No-one is pretending that developing and testing an enterprise mobile app is easy. But avoid these five big mistakes and it will go a lot smoother.
1. Choosing function over form
Getting your back-end systems synced and responsive might feel like it is the bulk of the development. In truth it is only 50% of the task. The second 50% is to take that information and present it in a form that is attractive and usable. Remember that your customers (whoever they are) are consumers of other mobile apps. They have an expectation about how intuitive it should be, how slick it should be.
First impressions count, and the ultimate goal with mobile app testing is to ensure that users have a great experience. This includes no bugs or latency, quick launches, a comfortable user interface, and streamlined functions that work as they are intended to. It’s not just about keeping your customers happy. It’s a case of making your app worthy of being used. It has to be function AND form. Otherwise it will fall flat. And that’s why usability has to be planned for and tested. It’s fundamental.
2. Getting by with emulators
Emulators have their place in mobile testing. But you cannot stop there. If you are in any way serious about your app working, you need to test on real devices. Emulators cannot replace real-world experience. Apps have to be tested in the wild. You need to know what happens in live network conditions. That is when you will discover all the issues that you would have missed. Your CEO won’t be too impressed with “Well, it worked fine on my emulator.”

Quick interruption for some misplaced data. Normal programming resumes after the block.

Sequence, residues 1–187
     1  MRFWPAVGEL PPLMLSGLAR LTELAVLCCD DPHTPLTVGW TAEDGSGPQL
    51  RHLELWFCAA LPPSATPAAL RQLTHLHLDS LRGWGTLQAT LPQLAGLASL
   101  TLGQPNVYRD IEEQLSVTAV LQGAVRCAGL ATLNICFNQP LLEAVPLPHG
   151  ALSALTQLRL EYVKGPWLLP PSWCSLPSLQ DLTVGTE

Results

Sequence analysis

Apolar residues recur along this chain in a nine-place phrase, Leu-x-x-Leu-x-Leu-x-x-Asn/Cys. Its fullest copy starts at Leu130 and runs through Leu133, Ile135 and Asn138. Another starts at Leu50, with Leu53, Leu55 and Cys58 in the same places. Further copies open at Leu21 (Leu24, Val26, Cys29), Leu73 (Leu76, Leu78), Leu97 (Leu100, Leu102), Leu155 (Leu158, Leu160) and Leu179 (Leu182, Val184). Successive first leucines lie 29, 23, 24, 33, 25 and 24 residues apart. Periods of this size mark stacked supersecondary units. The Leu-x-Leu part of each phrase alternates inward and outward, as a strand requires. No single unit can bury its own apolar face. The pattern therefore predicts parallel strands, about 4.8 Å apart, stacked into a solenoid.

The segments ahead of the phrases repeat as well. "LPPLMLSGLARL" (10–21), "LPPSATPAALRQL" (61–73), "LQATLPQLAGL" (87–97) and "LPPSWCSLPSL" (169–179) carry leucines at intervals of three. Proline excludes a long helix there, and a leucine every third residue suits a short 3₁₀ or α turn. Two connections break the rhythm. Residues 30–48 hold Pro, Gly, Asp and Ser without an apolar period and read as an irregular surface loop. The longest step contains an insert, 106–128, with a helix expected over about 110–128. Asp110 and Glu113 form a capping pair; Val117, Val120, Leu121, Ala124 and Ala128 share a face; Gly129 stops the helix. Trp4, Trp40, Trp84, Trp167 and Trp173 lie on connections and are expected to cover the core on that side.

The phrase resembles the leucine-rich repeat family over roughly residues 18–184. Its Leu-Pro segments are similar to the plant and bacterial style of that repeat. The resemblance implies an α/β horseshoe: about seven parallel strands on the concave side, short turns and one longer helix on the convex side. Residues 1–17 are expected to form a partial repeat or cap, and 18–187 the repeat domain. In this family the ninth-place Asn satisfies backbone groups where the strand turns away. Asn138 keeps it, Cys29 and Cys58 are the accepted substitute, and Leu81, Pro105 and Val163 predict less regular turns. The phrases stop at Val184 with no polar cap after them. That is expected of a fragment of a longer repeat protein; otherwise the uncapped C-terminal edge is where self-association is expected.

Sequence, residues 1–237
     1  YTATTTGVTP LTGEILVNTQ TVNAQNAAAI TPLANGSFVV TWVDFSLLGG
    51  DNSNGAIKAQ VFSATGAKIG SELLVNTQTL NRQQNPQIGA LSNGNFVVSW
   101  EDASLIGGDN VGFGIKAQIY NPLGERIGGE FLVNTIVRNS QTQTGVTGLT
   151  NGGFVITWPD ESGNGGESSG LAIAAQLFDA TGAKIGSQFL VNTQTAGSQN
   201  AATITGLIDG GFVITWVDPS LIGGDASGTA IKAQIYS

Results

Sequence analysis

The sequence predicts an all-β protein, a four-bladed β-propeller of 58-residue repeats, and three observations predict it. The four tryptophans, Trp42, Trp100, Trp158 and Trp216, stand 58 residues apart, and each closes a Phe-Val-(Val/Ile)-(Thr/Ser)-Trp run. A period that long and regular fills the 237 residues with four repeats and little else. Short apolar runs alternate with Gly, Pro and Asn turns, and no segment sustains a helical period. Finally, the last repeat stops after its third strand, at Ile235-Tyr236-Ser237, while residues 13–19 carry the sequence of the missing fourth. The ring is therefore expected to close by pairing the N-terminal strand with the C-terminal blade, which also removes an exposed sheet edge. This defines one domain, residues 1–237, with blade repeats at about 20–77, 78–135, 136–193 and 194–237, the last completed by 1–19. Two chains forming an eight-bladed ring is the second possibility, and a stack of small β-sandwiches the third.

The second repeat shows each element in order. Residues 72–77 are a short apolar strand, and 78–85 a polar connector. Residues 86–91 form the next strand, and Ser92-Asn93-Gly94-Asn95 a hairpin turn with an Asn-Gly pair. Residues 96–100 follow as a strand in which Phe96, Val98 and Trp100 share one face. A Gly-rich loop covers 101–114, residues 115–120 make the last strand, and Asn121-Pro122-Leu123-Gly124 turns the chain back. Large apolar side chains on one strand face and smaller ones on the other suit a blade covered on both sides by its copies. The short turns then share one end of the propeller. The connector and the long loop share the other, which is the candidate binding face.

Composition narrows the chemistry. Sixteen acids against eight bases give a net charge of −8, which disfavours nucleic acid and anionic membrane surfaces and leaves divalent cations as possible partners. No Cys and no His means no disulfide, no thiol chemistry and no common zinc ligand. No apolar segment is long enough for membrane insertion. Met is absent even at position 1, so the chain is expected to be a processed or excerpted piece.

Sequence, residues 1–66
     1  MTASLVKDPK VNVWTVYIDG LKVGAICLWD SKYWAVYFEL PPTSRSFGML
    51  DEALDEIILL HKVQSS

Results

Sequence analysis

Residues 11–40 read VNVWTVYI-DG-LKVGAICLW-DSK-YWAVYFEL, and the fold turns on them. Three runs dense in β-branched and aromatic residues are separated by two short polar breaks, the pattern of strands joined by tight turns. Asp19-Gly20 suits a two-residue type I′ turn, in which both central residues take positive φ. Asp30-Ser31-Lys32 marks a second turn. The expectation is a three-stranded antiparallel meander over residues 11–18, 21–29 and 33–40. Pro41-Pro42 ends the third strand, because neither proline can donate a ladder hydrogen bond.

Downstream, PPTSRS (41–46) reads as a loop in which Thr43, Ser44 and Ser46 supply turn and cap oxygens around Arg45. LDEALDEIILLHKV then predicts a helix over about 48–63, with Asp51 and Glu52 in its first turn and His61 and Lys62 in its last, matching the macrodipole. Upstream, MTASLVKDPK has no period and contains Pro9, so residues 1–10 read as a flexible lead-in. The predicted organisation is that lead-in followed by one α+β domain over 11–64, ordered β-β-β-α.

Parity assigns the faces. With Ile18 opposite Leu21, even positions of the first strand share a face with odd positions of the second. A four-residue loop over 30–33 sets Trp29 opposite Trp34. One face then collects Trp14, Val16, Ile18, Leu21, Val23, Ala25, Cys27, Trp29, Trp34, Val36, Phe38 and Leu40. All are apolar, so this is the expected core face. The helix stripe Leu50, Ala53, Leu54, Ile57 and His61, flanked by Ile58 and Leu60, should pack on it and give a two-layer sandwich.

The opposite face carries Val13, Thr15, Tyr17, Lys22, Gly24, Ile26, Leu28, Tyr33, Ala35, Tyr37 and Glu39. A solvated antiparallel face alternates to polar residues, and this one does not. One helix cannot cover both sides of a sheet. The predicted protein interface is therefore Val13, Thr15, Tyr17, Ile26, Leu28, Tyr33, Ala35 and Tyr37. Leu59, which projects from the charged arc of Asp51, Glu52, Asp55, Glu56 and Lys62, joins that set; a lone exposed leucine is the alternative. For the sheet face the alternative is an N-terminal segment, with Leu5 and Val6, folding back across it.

3. Testing wrong — or not enough – devices
Testing the right devices is pretty obvious. But working out which are the right devices for an enterprise app can be less obvious. We’re years into the BYOD trend and many enterprises have stopped trying to control it. If your audience is multiple enterprises, you can take the overall trends around enterprise penetration of different OSes and work from there. If your audience is one enterprise, your own, find out for sure which devices they use. Just don’t underestimate the many different versions of each Operating System are still being used. You can’t just test “iOS” and “Android” – there are so many flavors and formats and you have to make sure it will work on all.
4. Trusting it’s secure because it’s home made
Even if your app does not have a wide distribution, security is always a priority. What is your plan of action in terms of securing data, fortifying field rollouts and updates, remote device management, and in worst-case scenarios, data wipe and recovery? How will you ensure your app will be completely free of susceptibility to viruses, malware, and adware? What are the security measures and protocols you will put in place to test and ensure that there are no vulnerabilities related to how the app saves, transmits, and manages data?
5. Stopping testing when it’s launched
It’s tempting to think that testing is just a phase. Something you do once then forget about it. It’s not. That’s pre-launch testing. What happens when the feedback starts? What happens when Apple or Google release an update? What happens if a back-end system goes down? Monitoring is vital. Maintaining and improving the quality of the app needs to be a consistent process. We are talking about continuous quality, not a check box item.
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